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This information was automatically generated from data provided by MOA: University of British Columbia. It has been standardized to aid in finding and grouping information within the RRN. Accuracy and meaning should be verified from the Data Source tab.


Ostrich egg water holder with a hole drilled into the top. Incised geometric, animal and floral motifs throughout; incisions are filled in black. Wide borders, with arrow motifs through their centres, circle top and bottom of egg. Identical bands run down sides, connecting the borders, and dividing the front and back of the container. Antelope designs on front and back; both are depicted in profile. The antelope on the front is leaping forward; animal on back has its head bent and is standing next to a small tree. Base is undecorated.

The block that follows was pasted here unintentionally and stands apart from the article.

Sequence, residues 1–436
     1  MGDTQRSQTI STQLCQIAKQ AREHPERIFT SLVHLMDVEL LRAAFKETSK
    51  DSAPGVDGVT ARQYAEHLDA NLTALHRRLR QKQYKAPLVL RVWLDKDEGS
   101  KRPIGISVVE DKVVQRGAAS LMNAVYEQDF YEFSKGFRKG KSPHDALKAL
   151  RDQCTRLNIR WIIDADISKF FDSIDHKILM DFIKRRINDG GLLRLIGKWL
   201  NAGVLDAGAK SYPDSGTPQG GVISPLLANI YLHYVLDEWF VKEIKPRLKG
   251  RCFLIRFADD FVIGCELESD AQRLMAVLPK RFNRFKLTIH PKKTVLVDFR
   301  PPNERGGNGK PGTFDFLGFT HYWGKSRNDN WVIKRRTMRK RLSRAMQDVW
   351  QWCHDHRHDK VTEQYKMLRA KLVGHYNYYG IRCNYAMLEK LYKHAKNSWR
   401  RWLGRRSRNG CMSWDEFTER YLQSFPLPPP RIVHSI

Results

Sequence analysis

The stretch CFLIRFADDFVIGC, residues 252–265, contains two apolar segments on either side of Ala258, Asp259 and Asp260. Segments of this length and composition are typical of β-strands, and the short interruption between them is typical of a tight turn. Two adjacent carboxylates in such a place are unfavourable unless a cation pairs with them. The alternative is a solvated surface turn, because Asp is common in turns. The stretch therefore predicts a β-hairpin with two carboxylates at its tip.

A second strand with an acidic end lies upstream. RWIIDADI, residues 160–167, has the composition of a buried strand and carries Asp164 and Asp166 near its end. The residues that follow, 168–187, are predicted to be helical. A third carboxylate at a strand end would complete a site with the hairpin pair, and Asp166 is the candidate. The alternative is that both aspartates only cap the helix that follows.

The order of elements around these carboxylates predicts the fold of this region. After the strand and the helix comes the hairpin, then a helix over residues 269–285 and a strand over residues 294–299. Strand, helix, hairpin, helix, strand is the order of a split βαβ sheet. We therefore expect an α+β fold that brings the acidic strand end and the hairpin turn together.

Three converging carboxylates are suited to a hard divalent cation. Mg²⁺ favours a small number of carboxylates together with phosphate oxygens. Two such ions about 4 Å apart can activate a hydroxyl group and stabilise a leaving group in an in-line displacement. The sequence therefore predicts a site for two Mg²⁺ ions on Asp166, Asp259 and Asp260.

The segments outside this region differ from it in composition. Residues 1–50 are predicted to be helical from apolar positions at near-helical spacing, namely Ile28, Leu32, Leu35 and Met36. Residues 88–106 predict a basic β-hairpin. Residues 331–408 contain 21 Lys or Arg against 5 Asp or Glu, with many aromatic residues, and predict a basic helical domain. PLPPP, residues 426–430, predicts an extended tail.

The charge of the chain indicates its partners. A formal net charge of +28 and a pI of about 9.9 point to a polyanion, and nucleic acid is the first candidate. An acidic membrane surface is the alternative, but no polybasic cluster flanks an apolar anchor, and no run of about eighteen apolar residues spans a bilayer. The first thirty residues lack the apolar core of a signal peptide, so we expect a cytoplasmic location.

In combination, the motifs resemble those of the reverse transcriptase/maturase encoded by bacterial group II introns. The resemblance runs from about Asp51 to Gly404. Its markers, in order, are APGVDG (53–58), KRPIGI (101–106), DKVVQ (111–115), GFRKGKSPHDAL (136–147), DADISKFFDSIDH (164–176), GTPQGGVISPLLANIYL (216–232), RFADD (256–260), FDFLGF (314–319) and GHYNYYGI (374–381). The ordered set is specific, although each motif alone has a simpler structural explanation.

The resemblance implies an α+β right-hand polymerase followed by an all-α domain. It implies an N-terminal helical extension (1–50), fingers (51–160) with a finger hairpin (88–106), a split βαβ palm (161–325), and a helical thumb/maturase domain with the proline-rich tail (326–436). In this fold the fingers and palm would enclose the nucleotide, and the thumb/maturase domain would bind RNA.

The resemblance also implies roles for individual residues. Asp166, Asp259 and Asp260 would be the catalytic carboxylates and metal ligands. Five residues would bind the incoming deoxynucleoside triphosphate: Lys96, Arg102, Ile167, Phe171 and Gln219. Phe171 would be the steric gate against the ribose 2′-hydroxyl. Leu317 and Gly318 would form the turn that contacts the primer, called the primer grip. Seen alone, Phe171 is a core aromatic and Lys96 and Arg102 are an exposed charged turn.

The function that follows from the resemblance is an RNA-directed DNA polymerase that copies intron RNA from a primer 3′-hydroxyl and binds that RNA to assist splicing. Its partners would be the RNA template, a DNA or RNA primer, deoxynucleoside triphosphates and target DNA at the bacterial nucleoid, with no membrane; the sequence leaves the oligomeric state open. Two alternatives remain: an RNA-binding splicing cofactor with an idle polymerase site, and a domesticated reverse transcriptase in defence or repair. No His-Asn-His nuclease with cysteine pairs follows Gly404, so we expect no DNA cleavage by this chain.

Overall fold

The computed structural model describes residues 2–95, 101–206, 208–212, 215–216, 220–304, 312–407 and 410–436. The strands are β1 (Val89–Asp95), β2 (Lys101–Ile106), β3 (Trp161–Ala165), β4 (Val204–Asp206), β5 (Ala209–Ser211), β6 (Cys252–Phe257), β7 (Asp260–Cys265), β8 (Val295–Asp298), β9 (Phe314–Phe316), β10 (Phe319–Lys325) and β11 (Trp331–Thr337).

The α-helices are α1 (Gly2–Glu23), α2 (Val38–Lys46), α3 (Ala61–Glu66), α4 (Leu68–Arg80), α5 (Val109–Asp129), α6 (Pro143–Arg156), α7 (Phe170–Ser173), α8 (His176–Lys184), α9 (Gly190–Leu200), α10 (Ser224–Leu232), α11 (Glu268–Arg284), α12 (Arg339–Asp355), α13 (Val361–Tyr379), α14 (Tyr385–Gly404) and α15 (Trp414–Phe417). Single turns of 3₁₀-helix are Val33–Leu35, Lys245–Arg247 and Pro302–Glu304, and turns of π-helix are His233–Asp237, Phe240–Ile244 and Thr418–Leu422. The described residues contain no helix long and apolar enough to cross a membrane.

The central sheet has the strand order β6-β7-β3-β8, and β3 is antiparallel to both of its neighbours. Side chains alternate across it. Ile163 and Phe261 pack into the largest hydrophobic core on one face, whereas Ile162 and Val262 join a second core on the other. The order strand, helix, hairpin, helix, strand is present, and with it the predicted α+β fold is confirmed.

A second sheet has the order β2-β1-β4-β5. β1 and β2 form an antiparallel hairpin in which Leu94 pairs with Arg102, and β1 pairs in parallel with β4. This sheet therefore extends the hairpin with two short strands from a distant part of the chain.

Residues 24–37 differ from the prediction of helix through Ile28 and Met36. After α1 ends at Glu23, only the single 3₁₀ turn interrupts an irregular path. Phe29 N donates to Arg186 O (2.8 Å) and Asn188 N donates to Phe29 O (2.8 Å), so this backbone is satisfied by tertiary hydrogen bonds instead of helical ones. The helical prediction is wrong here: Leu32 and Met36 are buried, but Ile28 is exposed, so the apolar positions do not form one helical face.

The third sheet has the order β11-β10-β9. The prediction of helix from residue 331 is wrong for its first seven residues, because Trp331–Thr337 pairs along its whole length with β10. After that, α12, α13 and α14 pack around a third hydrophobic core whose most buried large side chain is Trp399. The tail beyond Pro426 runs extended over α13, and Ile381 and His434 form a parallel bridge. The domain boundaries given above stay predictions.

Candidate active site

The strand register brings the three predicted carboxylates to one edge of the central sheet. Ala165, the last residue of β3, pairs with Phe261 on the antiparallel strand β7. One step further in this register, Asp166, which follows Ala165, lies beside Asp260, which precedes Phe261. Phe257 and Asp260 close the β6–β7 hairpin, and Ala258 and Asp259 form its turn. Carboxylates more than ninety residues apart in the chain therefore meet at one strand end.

History Of Use

Khoisan would drill a small hole into ostrich eggs and eat the raw egg. They would then fill the containers with water, using a plant stem, and bury them for future use while hunting or moving to seasonal camps. Added leather straps would allow them to be carried on belts or in hunting kits. Markings were used to show ownership.

Item History

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